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  10. Dunross

    Dunross Member

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    I have lived in Florida all of my life. Diamondback and pygmy rattlers, and cottonmouths. When I was a boy we killed every rattler and moccasin we came across. I don't kill non-vemomous snakes.

    Nowadays rattlers have become scarce and I don't kill them if they aren't right up close to my house, barn, etc. They're an important part of the ecology and should be conserved where possible so long as they're not an active threat to my family.

    Cottonmouths still seem to be plentiful.
     
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  11. jmorris

    jmorris Member

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    I can’t remember where I copied this one from and it was just a couple months ago.

    7CE963D3-3B2B-4E26-BF17-54F6F8B2951D.jpeg

    Hats off to you guys, venomous snakes and spiders generally don’t last a long time around me.
     
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  12. earlthegoat2

    earlthegoat2 Member

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    In GA it is the three Cs and the three Rs

    Cottonmouth
    Copperhead
    Coral Snake

    Eastern Diamondback Rattlesnake
    Canebrake/Timber Rattlesnake
    Pygmy Rattlesnake

    I wear snake boots whenever I am off the beaten path.
     
  13. HB

    HB Member

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    Anybody eat them?
     
  14. luzyfuerza

    luzyfuerza Member

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    I have. Just about stepped on a big timber rattler one cold morning while I was muzzleloader hunting for deer.

    Turned him into a hatband and lunch. Tasted like chicken, but with bones like a fish.
     
  15. earlthegoat2

    earlthegoat2 Member

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    I’m somewhat unsure what venomous snakes do for the ecosystem what king snakes could not also.

    It is true though that the numbers of the Eastern DB are dwindling. I have heard this is more due to human extermination than anything else like habitat destruction or whatnot. We don’t have a rattlesnake roundup anymore. At least not officially. Maybe that will help them survive for a bit longer.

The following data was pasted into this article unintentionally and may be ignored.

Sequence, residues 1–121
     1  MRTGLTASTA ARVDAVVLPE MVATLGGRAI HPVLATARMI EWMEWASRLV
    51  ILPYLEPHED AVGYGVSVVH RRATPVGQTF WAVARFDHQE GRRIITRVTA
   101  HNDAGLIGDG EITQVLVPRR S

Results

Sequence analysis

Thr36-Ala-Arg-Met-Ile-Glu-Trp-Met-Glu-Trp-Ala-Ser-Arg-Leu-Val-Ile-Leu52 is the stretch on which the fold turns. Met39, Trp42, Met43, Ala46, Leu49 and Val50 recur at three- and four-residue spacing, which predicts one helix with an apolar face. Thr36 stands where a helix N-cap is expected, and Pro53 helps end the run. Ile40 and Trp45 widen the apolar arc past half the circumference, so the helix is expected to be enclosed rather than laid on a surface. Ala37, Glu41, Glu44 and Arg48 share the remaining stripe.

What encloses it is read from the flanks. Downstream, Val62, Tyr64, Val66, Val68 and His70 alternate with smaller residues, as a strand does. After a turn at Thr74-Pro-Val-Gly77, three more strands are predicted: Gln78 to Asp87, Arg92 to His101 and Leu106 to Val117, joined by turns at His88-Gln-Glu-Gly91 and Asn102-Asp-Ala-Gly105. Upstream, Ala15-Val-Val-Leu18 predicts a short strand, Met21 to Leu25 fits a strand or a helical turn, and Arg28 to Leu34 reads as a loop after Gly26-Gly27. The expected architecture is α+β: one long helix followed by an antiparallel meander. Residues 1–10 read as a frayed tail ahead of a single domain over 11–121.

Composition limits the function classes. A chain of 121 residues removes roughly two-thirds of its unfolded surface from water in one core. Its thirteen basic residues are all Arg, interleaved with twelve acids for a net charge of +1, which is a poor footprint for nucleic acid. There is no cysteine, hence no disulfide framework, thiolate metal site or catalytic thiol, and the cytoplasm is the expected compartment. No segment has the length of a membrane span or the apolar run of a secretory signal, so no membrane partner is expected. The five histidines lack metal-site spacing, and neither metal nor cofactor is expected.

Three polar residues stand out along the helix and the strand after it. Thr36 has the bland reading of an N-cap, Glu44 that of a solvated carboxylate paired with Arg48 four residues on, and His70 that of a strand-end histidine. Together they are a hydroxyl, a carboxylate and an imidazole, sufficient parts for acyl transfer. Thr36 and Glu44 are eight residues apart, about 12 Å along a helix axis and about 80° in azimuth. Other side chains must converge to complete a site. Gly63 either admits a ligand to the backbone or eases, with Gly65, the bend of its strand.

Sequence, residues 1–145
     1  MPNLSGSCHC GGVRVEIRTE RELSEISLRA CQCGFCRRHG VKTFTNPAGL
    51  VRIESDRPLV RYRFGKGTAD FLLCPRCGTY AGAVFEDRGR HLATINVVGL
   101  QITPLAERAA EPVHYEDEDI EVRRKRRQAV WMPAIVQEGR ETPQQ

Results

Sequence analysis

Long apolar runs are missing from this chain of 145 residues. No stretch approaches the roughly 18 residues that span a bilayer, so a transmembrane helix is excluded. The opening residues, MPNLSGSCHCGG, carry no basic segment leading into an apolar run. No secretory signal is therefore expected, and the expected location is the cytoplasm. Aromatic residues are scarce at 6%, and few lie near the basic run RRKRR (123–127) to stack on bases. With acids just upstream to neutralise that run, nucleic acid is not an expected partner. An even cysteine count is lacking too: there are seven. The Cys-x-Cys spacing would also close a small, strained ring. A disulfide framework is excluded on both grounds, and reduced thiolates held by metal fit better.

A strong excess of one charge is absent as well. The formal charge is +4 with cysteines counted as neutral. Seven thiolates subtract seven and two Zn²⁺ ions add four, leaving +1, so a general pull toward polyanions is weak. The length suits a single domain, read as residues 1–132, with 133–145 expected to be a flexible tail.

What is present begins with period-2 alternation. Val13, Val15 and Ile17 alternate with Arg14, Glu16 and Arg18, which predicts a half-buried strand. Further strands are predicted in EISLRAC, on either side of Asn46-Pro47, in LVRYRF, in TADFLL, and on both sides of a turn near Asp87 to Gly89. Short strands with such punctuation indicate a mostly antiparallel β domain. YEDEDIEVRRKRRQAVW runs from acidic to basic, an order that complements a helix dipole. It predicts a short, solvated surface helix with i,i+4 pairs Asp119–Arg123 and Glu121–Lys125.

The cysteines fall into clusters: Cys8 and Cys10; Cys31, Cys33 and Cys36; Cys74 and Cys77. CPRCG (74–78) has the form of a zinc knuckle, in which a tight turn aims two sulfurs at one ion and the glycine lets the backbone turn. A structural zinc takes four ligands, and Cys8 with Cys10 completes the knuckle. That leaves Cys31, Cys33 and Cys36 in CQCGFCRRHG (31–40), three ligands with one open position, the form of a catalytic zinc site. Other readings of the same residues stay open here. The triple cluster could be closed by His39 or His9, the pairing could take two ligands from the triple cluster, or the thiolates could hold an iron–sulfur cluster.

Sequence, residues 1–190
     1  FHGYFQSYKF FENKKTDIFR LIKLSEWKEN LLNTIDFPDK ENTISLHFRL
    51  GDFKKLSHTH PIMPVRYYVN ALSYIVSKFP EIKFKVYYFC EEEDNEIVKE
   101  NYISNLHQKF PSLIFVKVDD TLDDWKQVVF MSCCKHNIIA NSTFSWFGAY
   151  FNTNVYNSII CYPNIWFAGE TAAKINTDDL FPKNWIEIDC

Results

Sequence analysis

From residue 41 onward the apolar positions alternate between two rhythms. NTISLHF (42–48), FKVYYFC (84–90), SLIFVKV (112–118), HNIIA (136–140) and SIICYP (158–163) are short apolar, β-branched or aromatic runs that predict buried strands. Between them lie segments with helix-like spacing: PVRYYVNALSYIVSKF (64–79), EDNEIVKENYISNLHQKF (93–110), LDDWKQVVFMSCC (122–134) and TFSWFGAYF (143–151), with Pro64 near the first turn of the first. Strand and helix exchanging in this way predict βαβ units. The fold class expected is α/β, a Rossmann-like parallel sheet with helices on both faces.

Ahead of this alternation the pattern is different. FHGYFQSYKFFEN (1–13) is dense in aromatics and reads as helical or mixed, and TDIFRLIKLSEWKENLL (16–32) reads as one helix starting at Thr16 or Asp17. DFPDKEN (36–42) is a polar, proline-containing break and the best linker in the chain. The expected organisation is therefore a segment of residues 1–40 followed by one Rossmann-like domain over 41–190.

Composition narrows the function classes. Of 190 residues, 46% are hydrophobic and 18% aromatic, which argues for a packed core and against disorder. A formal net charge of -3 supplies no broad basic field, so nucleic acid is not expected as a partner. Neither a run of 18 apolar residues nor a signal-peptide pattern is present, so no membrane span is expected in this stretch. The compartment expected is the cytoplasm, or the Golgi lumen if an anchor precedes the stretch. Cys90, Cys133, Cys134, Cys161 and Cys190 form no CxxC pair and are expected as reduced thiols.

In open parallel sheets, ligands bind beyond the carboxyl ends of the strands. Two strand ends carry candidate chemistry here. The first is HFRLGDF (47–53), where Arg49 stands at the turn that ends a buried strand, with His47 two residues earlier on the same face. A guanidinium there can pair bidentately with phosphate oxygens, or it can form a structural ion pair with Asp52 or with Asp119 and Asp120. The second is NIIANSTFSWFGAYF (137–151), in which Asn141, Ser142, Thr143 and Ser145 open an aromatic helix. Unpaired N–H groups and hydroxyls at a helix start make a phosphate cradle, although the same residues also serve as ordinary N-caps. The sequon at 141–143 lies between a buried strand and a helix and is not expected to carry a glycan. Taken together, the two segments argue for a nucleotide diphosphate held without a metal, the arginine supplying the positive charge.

One thing I know is that in GA, the killing of non-venomous snakes is illegal. If one were to twist the interpretation of that a little bit then it could be read as the killing of venomous snakes is encouraged. Don’t know but that is the impression I get whenever I ponder the first time I read that statute.
     
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  16. jmr40

    jmr40 Member

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    I live in the NW corner of GA and hunt mostly in the mountains of North GA. I see the occasional copperhead during warm weather months. I've only seen 1 rattler and that was on a summer backpack trip in the mountains many years ago. He was a big one, at least a 5 footer, maybe 6'.

    Never seen a venomous snake while hunting and only 1-2 period. Turkey season here is early enough that it is still cool enough that they don't get out. That might be more of a problem farther south. This year it was March 24- May 15. By the time big game season gets started in October they are usually not out either.
     
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  17. eastbank

    eastbank Member

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    the story about a women who found a hurt snake and nursed it back to health and it turned around and bit her and she said in surprize, oh why did you bite me and the snake said i,m a snake and thats what we do..